The Amazing Race, Alberta Political Edition: can the Tories find their missing mojo?

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Opposition party members prepare to run against the Progressive Conservative candidates, uncertain why they are being made to race with sacks on their feet while the Tories aren’t. Actual Alberta politicians may not appear exactly as illustrated. New faces below: The NDP’s Jennifer Burgess; the Tories’ Mike Ellis.

Premier Jim Prentice called a news conference yesterday morning in Calgary and announced, as widely expected, that he and his two likewise-unelected cabinet ministers will run in by-elections to be held within the shortest time frame legally possible.

Unexpected was that Mr. Prentice himself would run for the Progressive Conservative Party in the Calgary-Foothills riding in Cowtown’s northwest, not Calgary-Mackay-Nose Hill in the same general part of town, where most of the educated speculation had him running.

Also unexpected was the fact that four by-elections would be held. In addition to a by-election in Edmonton-Whitemud (vacated by former premier pro tem Dave Hancock) for Health Minister Stephen Mandel, and in Calgary-Elbow (dramatically vacated in March by former premier Alison Redford) where Education Minister Gordon Dirks will run.

The fourth race will be in Calgary-West (just opened by the voluntary departure of former municipal affairs minister Ken Hughes). Calgary-West will be contested for the PCs by former police officer Mike Ellis, presumably no relation to the Arthur Ellis, notwithstanding the gravity of the Tories’ present troubles.

All four ridings have a history of being safe Tory seats – which means they are as safe as any Tory seat can be in Alberta nowadays.

Getting back to the race in Calgary-Foothills, MLA Len Webber made way for the premier. Mr. Webber had conveniently been nominated over the weekend to contest the federal Calgary-Confederation seat for the Conservative Party of Canada.

The goal of the tight campaign time window is obviously to help Mr. Prentice’s campaign in particular by keeping the opposition parties off balance as long as possible and giving them as little time to campaign as legally possible. The election will take place so quickly it will make our little heads spin – on Oct. 27.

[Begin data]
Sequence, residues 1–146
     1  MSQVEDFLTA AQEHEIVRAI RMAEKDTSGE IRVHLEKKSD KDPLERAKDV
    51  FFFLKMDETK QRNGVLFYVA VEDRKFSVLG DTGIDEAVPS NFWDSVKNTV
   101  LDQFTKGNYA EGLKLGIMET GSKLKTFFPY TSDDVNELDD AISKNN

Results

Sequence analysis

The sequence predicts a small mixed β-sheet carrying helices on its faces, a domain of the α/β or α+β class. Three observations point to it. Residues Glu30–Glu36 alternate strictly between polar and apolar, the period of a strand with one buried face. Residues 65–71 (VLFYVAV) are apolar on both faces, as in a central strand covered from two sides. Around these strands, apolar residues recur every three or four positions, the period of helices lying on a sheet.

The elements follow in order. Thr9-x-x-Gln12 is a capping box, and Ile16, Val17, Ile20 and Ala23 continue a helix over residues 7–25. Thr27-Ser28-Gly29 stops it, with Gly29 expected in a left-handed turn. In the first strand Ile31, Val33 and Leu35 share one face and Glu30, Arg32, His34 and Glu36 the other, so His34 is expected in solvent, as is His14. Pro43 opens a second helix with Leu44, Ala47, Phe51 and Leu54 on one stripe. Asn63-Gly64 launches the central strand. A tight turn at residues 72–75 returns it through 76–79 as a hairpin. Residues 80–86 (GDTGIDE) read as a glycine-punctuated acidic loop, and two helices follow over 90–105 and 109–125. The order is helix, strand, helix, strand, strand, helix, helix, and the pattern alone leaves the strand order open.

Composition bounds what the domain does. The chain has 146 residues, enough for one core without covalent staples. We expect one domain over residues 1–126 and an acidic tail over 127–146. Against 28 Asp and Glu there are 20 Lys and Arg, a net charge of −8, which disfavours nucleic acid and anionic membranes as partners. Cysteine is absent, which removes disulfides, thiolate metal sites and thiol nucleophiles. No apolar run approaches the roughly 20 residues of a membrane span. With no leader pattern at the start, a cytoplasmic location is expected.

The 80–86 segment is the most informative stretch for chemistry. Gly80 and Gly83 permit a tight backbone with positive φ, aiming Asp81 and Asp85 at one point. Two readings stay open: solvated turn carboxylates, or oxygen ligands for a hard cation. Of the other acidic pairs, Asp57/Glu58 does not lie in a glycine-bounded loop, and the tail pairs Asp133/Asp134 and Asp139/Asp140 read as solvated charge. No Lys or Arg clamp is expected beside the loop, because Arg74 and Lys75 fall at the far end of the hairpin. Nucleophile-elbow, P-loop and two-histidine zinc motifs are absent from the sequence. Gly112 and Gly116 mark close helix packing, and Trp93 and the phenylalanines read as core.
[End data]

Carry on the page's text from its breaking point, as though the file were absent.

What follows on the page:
The tight time frame also amplifies the advantages Mr. Prentice holds as head of the government, albeit as a leader who is still unelected.

Progressive Conservative strategists obviously hope ballots will have been counted long before anyone remembers that the premier was only chosen by 23,000 PC Party members and the honeymoon effect from his first few weeks in office lingers.

Notwithstanding public disillusionment with Ms. Redford’s catastrophic tenure, the Opposition parties will have to hustle to get credible candidates knocking on doors before Mr. Prentice’s campaign has all but wound up.

The Wildrose Opposition will name their antidote to Mr. Prentice this morning, and they need to have a high-profile challenger if their effort is to succeed. Wildrose Leader Danielle Smith was right to try to keep a lid on expectations Friday when she introduced the party’s candidate in Edmonton-Whitemud.

The New Democrats planned to run communications consultant Jennifer Burgess against Mr. Prentice in whichever riding he chose – but the Tories’ last-minute riding choice kept her from being able to get an early start on door knocking.

It goes without saying that if Mr. Prentice loses, it will be a disaster for the 43-year-old PC dynasty, so you can expect the party to throw everything it’s got in its commodious political tickle trunk at the campaign in Calgary-Foothills.

This will inevitably lead to some speculation this is a mini test election, a practice run for the big show whenever Mr. Prentice gets around to calling a general election – possibly even during the silly fixed-election-period in the spring of 2016 legislated by the Redford Government.

I see it more as an entertaining reality show for political nuts – the Amazing Race, Alberta Political Edition. Contestants from the government side will run all over Calgary and Edmonton, looking for what’s left of the PCs’ reputation as Alberta’s Natural Governing Party, which has been missing since the middle of 2012.

Perhaps it’ll turn up in an envelope near somewhere in the Hamptons!

 

Candidates List

Known candidates in the four by-elections announced by Premier Jim Prentice yesterday:

Calgary-Foothills

Progressive Conservatives: Jim Prentice, premier

Wildrose Party: TBA today

NDP: Jennifer Burgess, communications consultant

Alberta Liberals: TBA tomorrow

Alberta Party: Michelle Glavine, teacher

Greens: Polly Knowlton Cockett, environmental educator

 

Calgary-Elbow

Progressive Conservatives: Gordon Dirks, education minister

Wildrose Party: John Fletcher, armed forces officer

NDP: Stephanie McLean, lawyer

Alberta Liberals: Susan Wright, lawyer and blogger

Alberta Party: Greg Clark, party leader

 

Calgary-West

Progressive Conservatives: Mike Ellis, former police officer

Wildrose Party: TBA

NDP: Brian Malkinson

Alberta Liberals: TBA

Alberta Party: Troy Millington, IT consultant

 

Edmonton-Whitemud

Progressive Conservatives: Stephen Mandel, health minister

Wildrose Party: Tim Grover, business owner

NDP: Bob Turner, cancer physician

Alberta Liberals: TBA

Alberta Party: William Munsey, berry farmer, blogger and party president

This post also appears on Rabble.ca.

Categories Alberta Politics